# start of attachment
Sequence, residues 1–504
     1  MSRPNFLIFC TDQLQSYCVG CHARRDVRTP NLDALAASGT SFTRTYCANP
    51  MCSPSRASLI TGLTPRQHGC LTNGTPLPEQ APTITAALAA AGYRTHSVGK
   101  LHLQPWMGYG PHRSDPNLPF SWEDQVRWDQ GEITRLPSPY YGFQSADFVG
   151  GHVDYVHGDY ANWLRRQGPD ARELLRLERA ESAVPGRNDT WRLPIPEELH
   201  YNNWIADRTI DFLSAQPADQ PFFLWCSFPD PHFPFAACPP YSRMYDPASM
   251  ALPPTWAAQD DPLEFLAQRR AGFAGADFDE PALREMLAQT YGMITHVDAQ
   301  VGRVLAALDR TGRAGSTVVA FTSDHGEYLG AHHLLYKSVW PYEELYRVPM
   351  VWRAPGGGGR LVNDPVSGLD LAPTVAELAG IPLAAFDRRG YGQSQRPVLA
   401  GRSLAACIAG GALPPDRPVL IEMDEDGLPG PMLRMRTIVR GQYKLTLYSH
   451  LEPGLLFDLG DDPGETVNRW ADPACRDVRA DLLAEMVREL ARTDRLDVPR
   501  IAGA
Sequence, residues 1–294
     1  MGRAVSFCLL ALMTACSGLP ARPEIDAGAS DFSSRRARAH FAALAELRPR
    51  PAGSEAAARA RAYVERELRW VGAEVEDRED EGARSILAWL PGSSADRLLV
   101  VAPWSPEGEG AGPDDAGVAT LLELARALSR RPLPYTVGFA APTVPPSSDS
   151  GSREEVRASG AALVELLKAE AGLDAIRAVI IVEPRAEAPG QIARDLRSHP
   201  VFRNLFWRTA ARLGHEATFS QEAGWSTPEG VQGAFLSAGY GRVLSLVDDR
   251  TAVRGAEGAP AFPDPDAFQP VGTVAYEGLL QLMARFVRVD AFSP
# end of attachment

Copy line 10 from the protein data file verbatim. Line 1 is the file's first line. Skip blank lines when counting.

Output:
   401  GRSLAACIAG GALPPDRPVL IEMDEDGLPG PMLRMRTIVR GQYKLTLYSH